While supposedly making EU insurance laws more or less gender neutral will the latest EU court decision on gender equality geared EU insurance laws affect women’s driving attitudes in the EU?
By: Ringo Bones
Unfair stereotype or not, the statistical correlation of young women drivers aged 18 to 25 being safer than their male counterparts is not easy to overlook. But will the latest European Union Court ruling to make insurance premium pricing laws gender neutral across the EU eventually change current safety-conscious attitudes of EU citizen drivers?
The new EU law outlawing gender discrimination in the pricing of insurance premiums in the vehicular / car / driving insurance front could make women drivers in the EU face a sharp jump in the cost of their driving insurance premiums by as much as 40%. And according to Aidan Kerr of the Association of British Insurers, the sharp rise in car insurance premiums of women drivers in the EU would certainly affect their safety conscious driving attitudes down the road if they now pay the same insurance premium rates as their male counterparts.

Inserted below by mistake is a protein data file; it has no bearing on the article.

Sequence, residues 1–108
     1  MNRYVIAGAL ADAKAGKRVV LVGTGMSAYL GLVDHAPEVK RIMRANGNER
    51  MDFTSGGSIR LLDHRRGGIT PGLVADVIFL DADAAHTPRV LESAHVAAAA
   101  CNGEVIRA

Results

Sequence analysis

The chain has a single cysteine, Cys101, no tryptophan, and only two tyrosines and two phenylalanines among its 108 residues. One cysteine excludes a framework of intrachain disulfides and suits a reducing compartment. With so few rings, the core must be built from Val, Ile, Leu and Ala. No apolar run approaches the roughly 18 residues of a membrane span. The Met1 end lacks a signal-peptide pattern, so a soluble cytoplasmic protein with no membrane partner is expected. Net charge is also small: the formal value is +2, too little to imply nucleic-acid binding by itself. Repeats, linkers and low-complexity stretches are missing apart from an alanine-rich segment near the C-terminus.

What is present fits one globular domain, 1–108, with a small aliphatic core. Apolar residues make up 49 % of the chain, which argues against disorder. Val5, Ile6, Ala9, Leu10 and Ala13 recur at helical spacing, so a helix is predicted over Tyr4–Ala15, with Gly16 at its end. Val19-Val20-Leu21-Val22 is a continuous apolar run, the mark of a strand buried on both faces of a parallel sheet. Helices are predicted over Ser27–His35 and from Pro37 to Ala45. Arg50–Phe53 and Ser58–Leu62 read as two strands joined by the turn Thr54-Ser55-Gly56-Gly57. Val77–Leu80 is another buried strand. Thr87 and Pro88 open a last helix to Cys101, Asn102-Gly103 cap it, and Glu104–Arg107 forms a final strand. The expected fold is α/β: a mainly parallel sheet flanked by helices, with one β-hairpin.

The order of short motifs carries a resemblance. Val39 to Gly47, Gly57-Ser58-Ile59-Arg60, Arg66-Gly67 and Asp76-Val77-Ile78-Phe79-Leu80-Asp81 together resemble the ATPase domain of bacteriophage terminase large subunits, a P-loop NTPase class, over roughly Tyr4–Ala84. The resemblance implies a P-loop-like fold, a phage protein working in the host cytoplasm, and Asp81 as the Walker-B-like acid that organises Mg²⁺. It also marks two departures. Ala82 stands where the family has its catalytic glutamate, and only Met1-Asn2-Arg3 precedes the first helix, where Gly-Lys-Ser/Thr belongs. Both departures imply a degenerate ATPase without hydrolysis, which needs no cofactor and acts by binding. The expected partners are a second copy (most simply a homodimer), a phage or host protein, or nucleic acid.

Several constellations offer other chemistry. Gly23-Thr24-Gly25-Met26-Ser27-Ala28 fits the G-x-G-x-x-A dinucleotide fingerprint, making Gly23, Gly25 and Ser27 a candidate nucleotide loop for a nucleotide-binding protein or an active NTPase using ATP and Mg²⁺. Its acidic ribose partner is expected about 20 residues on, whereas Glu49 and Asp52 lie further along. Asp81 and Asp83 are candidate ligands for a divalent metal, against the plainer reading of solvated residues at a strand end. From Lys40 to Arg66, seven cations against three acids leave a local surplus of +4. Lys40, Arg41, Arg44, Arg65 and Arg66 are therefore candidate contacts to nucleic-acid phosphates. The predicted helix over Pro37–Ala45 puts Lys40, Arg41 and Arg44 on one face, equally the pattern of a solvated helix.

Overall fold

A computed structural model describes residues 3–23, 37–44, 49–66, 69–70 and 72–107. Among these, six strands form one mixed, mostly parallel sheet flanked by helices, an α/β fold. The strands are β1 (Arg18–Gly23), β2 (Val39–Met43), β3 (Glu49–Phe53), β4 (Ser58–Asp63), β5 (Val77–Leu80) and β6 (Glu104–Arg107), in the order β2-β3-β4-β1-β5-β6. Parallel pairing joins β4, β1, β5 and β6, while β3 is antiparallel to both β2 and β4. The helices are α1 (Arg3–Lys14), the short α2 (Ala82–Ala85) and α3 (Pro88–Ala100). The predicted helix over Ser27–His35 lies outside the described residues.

Not only driving insurance premium rates will be affected. The latest European Union Court ruling on gender neutral insurance premium pricing will also affect life insurance and pension annuity premiums. Women in the European Union will be paying up to 30% more on their life insurance premiums despite recent scientific studies showing that women in the EU tend to live longer than their male counterparts in a statistically significant manner. Whether it is due to genetics or due to an inherently risk averse behavior, anyone – male or female – who live longer and pay for their life insurance premiums for much longer due to their longevity do deserve lesser premium rates.
On the “losing” side, EU men now could face to collect 10% less on their retirement income of their pension annuities due to the new EU insurance gender equality laws. Although, the policymakers that legislated the new EU insurance gender equality laws seems to be silent on how all of this will affect the inherently safety-conscious attitudes of EU women drivers who now have to pay the same increased car insurance pricing premiums as their male counterparts in the near future. Is it just an unjust law that defies current scientific findings?